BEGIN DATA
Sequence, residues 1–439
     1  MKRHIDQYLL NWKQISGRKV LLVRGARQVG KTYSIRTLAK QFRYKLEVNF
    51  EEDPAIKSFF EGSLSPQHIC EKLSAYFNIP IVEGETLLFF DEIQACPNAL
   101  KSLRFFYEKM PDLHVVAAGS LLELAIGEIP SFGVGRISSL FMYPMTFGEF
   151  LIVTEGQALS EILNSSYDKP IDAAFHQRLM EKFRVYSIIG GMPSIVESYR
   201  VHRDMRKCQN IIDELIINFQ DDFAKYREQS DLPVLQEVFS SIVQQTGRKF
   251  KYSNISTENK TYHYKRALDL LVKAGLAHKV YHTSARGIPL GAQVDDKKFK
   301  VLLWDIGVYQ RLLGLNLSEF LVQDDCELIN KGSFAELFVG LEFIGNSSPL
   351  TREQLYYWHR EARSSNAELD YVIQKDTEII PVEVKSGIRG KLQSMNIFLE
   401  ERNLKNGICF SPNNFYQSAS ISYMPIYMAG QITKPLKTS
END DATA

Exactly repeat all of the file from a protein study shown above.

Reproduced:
Sequence, residues 1–439
     1  MKRHIDQYLL NWKQISGRKV LLVRGARQVG KTYSIRTLAK QFRYKLEVNF
    51  EEDPAIKSFF EGSLSPQHIC EKLSAYFNIP IVEGETLLFF DEIQACPNAL
   101  KSLRFFYEKM PDLHVVAAGS LLELAIGEIP SFGVGRISSL FMYPMTFGEF
   151  LIVTEGQALS EILNSSYDKP IDAAFHQRLM EKFRVYSIIG GMPSIVESYR
   201  VHRDMRKCQN IIDELIINFQ DDFAKYREQS DLPVLQEVFS SIVQQTGRKF
   251  KYSNISTENK TYHYKRALDL LVKAGLAHKV YHTSARGIPL GAQVDDKKFK
   301  VLLWDIGVYQ RLLGLNLSEF LVQDDCELIN KGSFAELFVG LEFIGNSSPL
   351  TREQLYYWHR EARSSNAELD YVIQKDTEII PVEVKSGIRG KLQSMNIFLE
   401  ERNLKNGICF SPNNFYQSAS ISYMPIYMAG QITKPLKTS